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Balthus and Cats

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Balthus, The Game of Patience, 1945–55
Balthus, The Game of Patience, 1945–55 © Collection of the artist

A new book considers controversial painter Balthus' lifelong fascination with felines

From an early age controversial painter Balthus enjoyed life as part of the post-war Parisian intellectual and artistic elite. His family, including his prominent art historian father, philosopher brother, and artist mother, counted amongst their friends writers André Gide and Jean Cocteau, as well as the poet Rainer Maria Rilke, and painter Pierre Matisse.

An artist himself, Balthus was famous for his lifelong fascination with cats. At the age of nine he produced forty drawings in India ink, recounting the tale of Mitsou, his pet cat who would eventually run away, leaving him inconsolable. Several years later the story of Mitsou would be published as a picture book, with Balthus’ drawings accompanied by Rilke’s words.

In a new volume dedicated to Balthus’ feline fascination, close personal friend of the artist, Alain Vircondelet, introduces the reader to the various cats that populated Balthus’ paintings over the years, and provides insight into his personal life, with photographs taken before he passed away in 2008.

"At the age of nine Balthus produced forty drawings in India ink, recounting the tale of Mitsou, his pet cat"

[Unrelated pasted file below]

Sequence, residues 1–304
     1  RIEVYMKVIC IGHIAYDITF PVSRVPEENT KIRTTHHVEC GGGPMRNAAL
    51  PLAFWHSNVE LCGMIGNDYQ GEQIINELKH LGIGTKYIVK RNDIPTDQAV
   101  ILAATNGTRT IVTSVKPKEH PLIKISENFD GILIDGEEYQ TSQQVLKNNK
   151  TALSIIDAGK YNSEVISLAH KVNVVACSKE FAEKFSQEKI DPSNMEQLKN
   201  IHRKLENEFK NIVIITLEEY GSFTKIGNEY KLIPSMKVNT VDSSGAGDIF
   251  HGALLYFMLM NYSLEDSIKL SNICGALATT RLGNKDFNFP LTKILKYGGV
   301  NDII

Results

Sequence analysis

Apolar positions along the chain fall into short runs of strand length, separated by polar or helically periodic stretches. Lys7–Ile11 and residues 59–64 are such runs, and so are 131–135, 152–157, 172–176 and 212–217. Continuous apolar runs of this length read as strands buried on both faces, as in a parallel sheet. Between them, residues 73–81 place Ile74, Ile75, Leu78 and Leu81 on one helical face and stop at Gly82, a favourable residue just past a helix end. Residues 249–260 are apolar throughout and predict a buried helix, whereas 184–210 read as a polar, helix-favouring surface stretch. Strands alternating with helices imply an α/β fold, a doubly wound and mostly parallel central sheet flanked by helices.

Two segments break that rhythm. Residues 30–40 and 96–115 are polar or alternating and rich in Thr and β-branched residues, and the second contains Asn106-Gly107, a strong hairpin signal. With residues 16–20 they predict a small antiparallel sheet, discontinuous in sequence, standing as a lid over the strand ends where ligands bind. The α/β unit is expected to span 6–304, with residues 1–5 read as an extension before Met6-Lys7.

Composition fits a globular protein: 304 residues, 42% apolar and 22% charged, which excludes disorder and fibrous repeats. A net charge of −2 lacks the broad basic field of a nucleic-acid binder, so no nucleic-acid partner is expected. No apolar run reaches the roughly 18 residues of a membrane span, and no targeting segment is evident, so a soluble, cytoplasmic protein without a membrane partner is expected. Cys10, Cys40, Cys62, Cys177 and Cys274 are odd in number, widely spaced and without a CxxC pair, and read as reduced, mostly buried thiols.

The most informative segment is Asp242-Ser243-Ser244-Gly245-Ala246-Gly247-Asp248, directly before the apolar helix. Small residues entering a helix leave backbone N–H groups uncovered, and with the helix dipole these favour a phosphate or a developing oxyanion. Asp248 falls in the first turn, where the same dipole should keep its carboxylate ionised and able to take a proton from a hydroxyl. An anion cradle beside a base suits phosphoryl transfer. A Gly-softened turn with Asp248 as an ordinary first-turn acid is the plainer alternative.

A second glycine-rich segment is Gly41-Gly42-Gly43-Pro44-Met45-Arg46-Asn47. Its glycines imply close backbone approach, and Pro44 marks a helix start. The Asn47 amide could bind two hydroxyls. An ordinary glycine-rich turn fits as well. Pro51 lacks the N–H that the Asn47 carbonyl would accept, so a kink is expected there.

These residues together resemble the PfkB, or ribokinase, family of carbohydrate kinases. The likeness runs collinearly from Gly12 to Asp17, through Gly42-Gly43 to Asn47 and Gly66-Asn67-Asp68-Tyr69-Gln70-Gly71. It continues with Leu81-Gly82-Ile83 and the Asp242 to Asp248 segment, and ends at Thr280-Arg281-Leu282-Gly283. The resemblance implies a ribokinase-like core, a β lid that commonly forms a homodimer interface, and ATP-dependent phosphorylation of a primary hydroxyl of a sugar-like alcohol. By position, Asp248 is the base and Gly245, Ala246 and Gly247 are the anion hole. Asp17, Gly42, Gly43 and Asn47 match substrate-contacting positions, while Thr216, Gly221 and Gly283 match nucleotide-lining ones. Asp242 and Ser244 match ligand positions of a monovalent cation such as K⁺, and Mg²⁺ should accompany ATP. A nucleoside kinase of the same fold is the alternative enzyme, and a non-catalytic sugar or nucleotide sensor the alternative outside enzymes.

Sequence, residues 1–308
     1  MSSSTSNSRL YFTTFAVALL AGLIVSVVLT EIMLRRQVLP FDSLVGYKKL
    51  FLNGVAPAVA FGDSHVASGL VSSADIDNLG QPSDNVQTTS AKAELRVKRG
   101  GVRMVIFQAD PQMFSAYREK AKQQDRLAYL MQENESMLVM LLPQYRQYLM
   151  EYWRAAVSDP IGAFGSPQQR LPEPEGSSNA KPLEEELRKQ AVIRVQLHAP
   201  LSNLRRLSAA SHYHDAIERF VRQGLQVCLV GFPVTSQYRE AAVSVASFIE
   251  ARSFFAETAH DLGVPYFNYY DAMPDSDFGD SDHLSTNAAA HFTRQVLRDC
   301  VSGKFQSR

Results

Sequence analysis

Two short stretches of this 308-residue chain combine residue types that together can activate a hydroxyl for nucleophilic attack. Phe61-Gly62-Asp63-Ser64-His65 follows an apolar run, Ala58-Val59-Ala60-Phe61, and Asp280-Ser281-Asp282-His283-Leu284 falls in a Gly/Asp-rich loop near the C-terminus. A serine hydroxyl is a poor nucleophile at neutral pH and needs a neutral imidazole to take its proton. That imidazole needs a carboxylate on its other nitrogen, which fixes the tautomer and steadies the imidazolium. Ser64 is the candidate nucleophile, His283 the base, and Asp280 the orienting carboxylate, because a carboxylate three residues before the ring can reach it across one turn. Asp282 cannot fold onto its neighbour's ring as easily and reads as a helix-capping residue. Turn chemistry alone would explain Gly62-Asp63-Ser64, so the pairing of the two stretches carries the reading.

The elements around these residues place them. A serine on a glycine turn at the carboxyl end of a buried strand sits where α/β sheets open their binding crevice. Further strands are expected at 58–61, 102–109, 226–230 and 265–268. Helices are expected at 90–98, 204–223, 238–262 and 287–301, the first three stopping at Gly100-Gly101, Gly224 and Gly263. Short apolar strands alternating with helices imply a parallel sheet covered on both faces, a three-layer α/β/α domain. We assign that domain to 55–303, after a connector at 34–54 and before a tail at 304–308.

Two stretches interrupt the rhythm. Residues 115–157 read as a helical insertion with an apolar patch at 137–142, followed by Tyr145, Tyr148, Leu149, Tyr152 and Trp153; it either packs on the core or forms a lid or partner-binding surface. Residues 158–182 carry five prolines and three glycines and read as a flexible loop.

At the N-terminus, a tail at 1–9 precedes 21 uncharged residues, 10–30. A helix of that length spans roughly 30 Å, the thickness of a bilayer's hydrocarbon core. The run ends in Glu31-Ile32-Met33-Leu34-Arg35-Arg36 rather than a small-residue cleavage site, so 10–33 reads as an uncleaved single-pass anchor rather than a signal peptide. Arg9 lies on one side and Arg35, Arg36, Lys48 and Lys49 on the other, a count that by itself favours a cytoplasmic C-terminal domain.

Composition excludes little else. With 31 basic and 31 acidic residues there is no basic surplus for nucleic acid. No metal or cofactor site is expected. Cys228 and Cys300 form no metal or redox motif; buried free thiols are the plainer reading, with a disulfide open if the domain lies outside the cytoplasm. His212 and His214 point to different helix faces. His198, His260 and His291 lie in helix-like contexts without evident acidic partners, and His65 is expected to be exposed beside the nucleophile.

Throughout his life Balthus would continue to paint cats, often as part of portraits in which one can see Balthus’ other obsession, young girls. Often shown lounging in ambiguous poses – legs open, underwear showing, sometimes naked – Balthus’ seemingly sexualised vision of pubescent girls led many to question the painter’s motives. He always defended his work, saying that responses to these scenes said more about the viewer than it did his desires.

Despite his work’s grey morality, or perhaps because of it, Balthus would continue throughout his life to find support from other artists and luminaries, including surrealist André Breton, Pablo Picasso, playwright Antonin Artaud, Albert Camus, noted psychoanalyst Jacques Lacan, and filmmaker Federico Fellini.

“For felines are one of the most ‘ancient’ animals,” writes Vircondelet. “One of those which, in every civilization, has remained closest to the primeval knot – to those ties that bind the world, that unravel it in skeins of drama and suffering. And, like a cat, Balthus loves children because they too bear the traces of something prior. Children are like cats; hard to tame, possessing that unforgiving innocence in which happiness lies a hair’s breadth from misfortune, where gentleness is never very far away from meanness, where hatred goes hand in hand with love, where desire alone is supreme.”

At the time of his death in 2008, Balthus was living in Switzerland with his second wife, Setsuko, a Japanese artist thirty-five years his junior, who shares her husband’s love of cats, and continues to depict them in her own paintings to this day.

Balthus and Cats is available now from Flammarion.

Text by Ananda Pellerin

 

Ananda Pellerin is a London-based writer and regular contributor to anothermag.com.

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